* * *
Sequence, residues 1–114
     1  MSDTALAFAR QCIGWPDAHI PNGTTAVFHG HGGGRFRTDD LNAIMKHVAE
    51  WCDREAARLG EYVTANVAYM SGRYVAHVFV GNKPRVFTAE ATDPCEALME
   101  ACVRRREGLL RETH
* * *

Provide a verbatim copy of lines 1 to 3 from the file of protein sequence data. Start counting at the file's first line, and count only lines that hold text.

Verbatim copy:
Sequence, residues 1–114
     1  MSDTALAFAR QCIGWPDAHI PNGTTAVFHG HGGGRFRTDD LNAIMKHVAE
    51  WCDREAARLG EYVTANVAYM SGRYVAHVFV GNKPRVFTAE ATDPCEALME